Advocacy charity unfairly dismissed employee who had ‘controlling and aggressive’ manager, tribunal finds


An employee at advocacy charity Pohwer was constructively unfairly dismissed after working with a “controlling and aggressive” line manager, the employment tribunal has found.

The tribunal judge concluded manager Gary Beer “was not held accountable” for his behaviour by senior colleagues and the charity did not follow its own policies in handling grievances raised by staff.

Natasha Beckett, who brought the case, started working for the charity in 2005 but resigned as a service manager in October after being signed off with work-related stress linked to the situation with her line manager, the tribunal heard.

Pohwer told Third Sector it was “saddened” about Beckett’s experiences and said Beer no longer worked at the charity.

All parties could discuss any financial settlement or apply to the court for remedy, the judge said.

Tribunal documents say that Beer became Beckett’s line manager in April 2017, and in a meeting later that year he became “confrontational and aggressive” and shouted at her, the judge found.

The judge described this behaviour as “extreme and unwarranted” and wrote: “It is surprising he was not held accountable and/or at the very least asked to offer an apology” to colleagues at the meeting.

The judge also criticised the tone of an email Beer sent during the same period, which he said was “certainly abrupt and sarcastic, and not one expected in a professional environment”.

Six members of staff, including Beckett, raised informal grievances in response to Beer’s “aggressive style of communication”, the judge found.

A subsequent internal investigation found the email was a “one-off”, and the investigator recommended Beer meet with colleagues to “agree a communication style” for the future.

But Beckett was not told the outcome of this investigation until three months later, in breach of the charity’s own policies to share the outcome of grievance procedures within 10 days, the judgment says.

The judge concluded that this, along with the failure of a system designed to monitor Beer’s emails to colleagues, “demonstrates a failure by [Pohwer] in their duty to ensure a suitable working environment, given the claimant continued to raise concerns as to her wellbeing”.

Shortly after receiving news of the investigation outcome in early 2020, Beckett told a senior colleague “that she was not satisfied with the outcome, and was not going to put herself through mediation as the process had impacted her health and wellbeing”, the judgment says.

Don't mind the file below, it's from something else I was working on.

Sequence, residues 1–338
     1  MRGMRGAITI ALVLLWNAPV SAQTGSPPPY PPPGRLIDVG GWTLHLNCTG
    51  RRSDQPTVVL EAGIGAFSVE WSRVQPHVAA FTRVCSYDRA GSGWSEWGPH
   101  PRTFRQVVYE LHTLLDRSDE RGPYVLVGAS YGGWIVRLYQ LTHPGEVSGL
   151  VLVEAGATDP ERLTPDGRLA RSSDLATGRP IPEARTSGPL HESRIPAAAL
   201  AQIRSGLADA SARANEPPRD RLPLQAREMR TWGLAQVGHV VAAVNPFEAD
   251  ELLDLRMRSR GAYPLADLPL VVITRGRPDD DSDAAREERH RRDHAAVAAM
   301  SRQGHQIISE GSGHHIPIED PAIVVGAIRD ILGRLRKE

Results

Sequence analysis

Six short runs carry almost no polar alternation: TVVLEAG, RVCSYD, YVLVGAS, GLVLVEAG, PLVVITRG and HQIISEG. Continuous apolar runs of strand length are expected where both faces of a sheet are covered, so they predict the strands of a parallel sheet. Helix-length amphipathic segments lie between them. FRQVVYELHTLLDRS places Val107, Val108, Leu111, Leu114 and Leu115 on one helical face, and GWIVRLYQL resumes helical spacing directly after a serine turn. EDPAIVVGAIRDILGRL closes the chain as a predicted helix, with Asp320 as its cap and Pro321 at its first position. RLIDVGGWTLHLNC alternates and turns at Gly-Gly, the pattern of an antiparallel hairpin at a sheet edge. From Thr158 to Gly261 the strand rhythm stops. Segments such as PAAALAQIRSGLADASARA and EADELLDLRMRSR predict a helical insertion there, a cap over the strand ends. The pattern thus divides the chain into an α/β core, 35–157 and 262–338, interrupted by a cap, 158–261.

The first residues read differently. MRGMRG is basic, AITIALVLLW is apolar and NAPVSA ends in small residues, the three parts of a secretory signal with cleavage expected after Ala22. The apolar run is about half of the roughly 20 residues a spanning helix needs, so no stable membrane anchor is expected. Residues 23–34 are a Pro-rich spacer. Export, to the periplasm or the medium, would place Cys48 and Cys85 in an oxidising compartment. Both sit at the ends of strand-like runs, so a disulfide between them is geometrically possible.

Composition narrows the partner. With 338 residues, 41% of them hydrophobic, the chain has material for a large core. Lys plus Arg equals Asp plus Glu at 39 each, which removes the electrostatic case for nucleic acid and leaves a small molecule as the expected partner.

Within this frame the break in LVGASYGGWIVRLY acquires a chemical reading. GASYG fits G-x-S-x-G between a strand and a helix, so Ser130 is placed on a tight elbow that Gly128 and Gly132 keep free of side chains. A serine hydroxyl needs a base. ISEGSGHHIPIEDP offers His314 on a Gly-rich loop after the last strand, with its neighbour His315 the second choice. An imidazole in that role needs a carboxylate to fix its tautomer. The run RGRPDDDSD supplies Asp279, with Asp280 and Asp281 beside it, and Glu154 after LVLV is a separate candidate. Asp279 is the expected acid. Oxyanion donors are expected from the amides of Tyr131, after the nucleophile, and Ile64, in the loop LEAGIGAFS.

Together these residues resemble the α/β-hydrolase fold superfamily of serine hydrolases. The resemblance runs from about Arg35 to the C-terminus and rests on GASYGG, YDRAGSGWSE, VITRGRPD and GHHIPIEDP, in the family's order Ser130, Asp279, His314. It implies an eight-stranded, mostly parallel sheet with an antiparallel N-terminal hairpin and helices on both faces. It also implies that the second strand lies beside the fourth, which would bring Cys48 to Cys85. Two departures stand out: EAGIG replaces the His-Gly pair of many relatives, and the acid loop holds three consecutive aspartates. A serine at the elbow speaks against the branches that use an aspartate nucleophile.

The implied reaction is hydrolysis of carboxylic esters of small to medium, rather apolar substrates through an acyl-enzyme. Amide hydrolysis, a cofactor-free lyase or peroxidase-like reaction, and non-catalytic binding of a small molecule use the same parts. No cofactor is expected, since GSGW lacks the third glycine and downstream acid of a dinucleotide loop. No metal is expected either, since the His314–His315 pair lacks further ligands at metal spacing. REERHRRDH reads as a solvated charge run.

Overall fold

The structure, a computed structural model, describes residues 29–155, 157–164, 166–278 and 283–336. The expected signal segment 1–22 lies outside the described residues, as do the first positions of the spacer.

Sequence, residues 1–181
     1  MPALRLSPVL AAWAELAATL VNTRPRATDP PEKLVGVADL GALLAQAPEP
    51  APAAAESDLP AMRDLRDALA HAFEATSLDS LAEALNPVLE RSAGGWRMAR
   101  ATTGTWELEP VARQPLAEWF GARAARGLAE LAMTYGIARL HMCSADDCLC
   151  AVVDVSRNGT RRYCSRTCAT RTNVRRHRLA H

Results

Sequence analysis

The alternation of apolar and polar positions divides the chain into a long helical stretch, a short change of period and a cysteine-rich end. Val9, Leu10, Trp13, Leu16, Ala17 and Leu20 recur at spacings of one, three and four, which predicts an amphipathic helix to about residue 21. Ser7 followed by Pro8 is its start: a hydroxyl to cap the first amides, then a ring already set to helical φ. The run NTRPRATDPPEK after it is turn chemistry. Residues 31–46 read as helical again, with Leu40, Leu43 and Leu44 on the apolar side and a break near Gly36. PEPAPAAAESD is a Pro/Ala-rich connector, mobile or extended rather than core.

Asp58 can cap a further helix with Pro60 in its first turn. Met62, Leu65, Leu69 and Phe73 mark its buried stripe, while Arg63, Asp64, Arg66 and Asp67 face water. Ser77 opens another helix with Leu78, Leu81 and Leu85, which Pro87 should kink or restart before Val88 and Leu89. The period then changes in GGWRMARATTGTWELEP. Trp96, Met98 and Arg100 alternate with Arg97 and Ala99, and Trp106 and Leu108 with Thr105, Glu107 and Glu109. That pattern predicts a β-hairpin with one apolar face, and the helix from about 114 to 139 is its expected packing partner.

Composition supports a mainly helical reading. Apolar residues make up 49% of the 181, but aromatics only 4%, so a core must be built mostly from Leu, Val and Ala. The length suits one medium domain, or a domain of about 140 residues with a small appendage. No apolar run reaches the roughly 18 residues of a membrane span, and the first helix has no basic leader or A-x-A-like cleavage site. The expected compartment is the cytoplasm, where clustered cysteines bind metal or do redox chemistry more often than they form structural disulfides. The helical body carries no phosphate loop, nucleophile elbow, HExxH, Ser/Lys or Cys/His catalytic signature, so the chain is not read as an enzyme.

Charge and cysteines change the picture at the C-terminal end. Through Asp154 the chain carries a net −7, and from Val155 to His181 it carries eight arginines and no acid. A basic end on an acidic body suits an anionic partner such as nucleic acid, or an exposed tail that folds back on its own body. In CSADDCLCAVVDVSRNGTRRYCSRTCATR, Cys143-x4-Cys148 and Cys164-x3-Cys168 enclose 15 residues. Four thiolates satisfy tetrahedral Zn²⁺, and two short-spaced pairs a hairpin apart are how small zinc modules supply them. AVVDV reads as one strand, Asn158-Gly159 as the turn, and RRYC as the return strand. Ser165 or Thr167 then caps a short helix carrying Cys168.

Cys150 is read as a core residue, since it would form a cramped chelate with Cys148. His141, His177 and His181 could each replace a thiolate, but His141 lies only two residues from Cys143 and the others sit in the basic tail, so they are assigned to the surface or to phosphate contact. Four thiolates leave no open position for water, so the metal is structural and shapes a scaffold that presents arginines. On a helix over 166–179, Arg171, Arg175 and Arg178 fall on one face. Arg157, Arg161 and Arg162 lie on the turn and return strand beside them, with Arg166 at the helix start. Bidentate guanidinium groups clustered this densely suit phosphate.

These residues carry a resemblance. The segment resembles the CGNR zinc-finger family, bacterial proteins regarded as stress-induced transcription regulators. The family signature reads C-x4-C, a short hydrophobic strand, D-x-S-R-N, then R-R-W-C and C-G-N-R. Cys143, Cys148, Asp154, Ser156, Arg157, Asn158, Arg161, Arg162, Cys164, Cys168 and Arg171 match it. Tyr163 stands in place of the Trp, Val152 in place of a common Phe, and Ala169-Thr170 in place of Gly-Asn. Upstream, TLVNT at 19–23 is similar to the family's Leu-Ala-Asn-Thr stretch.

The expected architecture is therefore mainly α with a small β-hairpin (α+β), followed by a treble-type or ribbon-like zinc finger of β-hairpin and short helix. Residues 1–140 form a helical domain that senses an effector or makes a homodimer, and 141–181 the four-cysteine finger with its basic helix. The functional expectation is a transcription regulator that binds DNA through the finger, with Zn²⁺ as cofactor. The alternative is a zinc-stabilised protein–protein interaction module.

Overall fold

Beckett described herself as feeling “exposed and vulnerable”, but the charity “did nothing further to address her concern” at that time, according to the tribunal documents.

Beckett did not ask to raise a formal grievance, but the judge wrote: “I find the inaction of [Pohwer] to be highly surprising and contrary to their duty to ensure a suitable working environment.”

The judge described further emails from Beer to Beckett and other colleagues during 2020 as “unprofessional to the extent that his communication can be categorised as controlling and aggressive”.

He said the emails showed “a pattern of behaviour/communication which was inappropriate and that certainly ought to have triggered further investigation”, although he noted that the pattern may have been harder to discern because of changes in human resources staff.

In a meeting in September 2021, “Beer challenged [Beckett] in an aggressive manner” in front of colleagues, the judgment says. Beer later emailed Beckett about that meeting “but not apologising for his actions”.

Beckett was signed off with work-related stress for two weeks in September 2021.

The judge said “this appears to demonstrate an ongoing tolerance for Mr Beer’s behaviour” by the charity.

Beckett was signed off work with stress again in October 2021, and resigned a few days later.

Beer left the charity at the end of 2021.

The judge concluded: “I am satisfied that the claimant was constructively unfairly dismissed and she is entitled to remedy.”

A spokesperson for Pohwer said: “Although we are disappointed at the outcome, we fully respect the tribunal’s decision and are saddened by the experience of this ex-employee.

“As the events described in this case took place between 2017 and 2021, a period during which there were frequent changes in management, we are trying to understand what has occurred, what we could do better as a charity, what we could do to prevent a case like this occurring again.

“We take all allegations of bullying and harassment extremely seriously and always investigate them thoroughly.

“We are looking at the full findings to understand from them if there is anything we could do differently in the future and to consider next steps.

“The individual cited in the case is no longer employed by the charity.

“We are on a journey of continuous learning and will continue to strengthen safeguarding, whistleblowing and HR policies and procedures.”

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